Reply

  3. Scott

    01/22/2010 at 1:41 pm

    I don’t think it fair to take a 10 year old technology and call it’s results a ‘road block.’ I mean, using a Newton to evaluate handwriting recognition? You might as well say an Xbox 360 runs Call of Duty better than Apples’s Lisa computer.

    Reply

  4. Sumocat

    01/22/2010 at 1:56 pm

    Steve: Agree to disagree. Phil emphasized (and I reiterated) the results are specific to him, so no one’s pushing them as definitive, nor did he seem to go into with a point to prove. The focus was narrowed to text input, not note-taking. And amateur tester or not, I think his familiarity with all the given devices lends weight to his findings.

    Scott: 10 years old or present day, handwriting recognition is an obstacle. Unless you don’t care about errors, converting ink to text as you write adds a step vs. writing without text conversion. I do both on the same Tablet PC all the time, as well as convert ink to text after writing. I could never honestly say active recognition doesn’t require more time.

    Reply

  5. Jim

    01/22/2010 at 1:59 pm

    I still use handwriting on my Treo 650.. Did he not realise that it has handwriting capabilities in it still!!!!
    I use “Graffiti Anywhere”

    Very fast

    Reply

  6. harv

    01/23/2010 at 3:53 pm

    Did they give a reason for not including at least one actual tablet pc? not to mention one of the widely acclaimed models?

    Reply

  7. bluespapa

    01/24/2010 at 12:49 pm

    Wait, the Palms are stylus input, but not handwriting recognition.

    That means you have to learn the specific strokes to create each letter, as opposed to the handwriting recognition in XP Tablet, Vista, Windows 7, RitePen, and Evernote.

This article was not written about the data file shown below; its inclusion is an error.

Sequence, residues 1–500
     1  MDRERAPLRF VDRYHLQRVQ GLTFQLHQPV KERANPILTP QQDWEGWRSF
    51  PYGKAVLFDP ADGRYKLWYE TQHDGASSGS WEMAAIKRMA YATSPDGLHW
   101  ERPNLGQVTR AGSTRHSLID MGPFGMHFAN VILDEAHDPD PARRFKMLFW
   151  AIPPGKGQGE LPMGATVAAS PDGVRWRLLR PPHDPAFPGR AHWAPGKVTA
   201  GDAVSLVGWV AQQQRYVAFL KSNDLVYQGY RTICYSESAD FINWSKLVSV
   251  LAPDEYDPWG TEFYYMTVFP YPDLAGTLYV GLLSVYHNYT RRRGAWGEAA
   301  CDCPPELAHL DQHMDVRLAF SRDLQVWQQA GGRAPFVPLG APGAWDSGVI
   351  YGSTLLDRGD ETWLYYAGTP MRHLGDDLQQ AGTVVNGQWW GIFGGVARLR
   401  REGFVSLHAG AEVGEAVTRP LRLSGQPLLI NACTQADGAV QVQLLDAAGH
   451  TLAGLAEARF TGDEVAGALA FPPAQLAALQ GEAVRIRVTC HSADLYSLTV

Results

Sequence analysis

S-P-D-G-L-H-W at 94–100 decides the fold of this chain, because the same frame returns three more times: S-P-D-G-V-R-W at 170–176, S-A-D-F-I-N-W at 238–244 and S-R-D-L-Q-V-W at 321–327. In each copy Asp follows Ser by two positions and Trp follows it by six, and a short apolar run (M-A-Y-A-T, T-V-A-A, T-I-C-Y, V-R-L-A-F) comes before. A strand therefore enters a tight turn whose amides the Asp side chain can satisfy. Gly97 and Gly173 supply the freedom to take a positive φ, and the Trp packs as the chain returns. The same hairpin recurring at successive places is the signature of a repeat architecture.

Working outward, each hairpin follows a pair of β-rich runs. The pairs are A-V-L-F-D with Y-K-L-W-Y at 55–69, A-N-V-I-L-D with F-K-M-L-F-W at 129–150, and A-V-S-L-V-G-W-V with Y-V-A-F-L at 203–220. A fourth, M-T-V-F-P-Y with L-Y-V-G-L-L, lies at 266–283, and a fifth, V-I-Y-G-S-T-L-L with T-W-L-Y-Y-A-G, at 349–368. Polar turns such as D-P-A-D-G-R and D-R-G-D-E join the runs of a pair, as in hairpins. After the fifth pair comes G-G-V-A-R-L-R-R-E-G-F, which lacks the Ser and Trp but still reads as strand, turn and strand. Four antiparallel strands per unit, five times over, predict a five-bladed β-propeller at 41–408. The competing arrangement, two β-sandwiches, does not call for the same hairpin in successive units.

That means in terms of speed, a keyboard would win for someone who can type, but handwriting recognition should be faster than stylus input or thumb typing. How portable the device should be a size and weight calculation, but each device’s usefulness in different contexts should vary with the individual and the UI of opening a noted, was well as what you actually need to port (looking at a spreadsheet on a Palm screen with DocumentsToGo might be fine, or it might be a nightmare).

    I always thought Graffiti was much easier to use than Graffiti 2, or Jot, or whatever early Windows Mobile called their stylus input. I kept a journal, wrote course papers, took notes in classes on Palm devices from 1999 to 2002, and used one or another while teaching until I bought the Pre. I used to print directly from my Palms using the IR port and software the name of which slips my mind (BadBoy? PrintBoy?)

    I’m faster with a keyboard, can use many more capabilities with my Tablet PCs, and use a Samsung Q1UP with Win7 everyday in classes I teach, throwing up on the projectors and marking up documents, web pages, PowerPoints, or whatever.

    Reply